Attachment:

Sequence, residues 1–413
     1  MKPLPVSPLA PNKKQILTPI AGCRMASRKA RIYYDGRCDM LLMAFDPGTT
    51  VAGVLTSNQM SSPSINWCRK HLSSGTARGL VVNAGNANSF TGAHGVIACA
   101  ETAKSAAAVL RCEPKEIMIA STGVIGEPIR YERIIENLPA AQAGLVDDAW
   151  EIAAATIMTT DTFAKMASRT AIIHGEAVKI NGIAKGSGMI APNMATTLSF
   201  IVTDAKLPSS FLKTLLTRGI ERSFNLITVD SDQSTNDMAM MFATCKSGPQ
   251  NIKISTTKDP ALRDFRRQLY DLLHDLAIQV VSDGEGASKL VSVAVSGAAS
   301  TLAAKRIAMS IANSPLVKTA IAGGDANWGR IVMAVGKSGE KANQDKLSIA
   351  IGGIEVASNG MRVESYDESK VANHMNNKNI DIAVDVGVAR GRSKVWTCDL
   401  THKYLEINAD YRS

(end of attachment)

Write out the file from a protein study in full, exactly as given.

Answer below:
Sequence, residues 1–413
     1  MKPLPVSPLA PNKKQILTPI AGCRMASRKA RIYYDGRCDM LLMAFDPGTT
    51  VAGVLTSNQM SSPSINWCRK HLSSGTARGL VVNAGNANSF TGAHGVIACA
   101  ETAKSAAAVL RCEPKEIMIA STGVIGEPIR YERIIENLPA AQAGLVDDAW
   151  EIAAATIMTT DTFAKMASRT AIIHGEAVKI NGIAKGSGMI APNMATTLSF
   201  IVTDAKLPSS FLKTLLTRGI ERSFNLITVD SDQSTNDMAM MFATCKSGPQ
   251  NIKISTTKDP ALRDFRRQLY DLLHDLAIQV VSDGEGASKL VSVAVSGAAS
   301  TLAAKRIAMS IANSPLVKTA IAGGDANWGR IVMAVGKSGE KANQDKLSIA
   351  IGGIEVASNG MRVESYDESK VANHMNNKNI DIAVDVGVAR GRSKVWTCDL
   401  THKYLEINAD YRS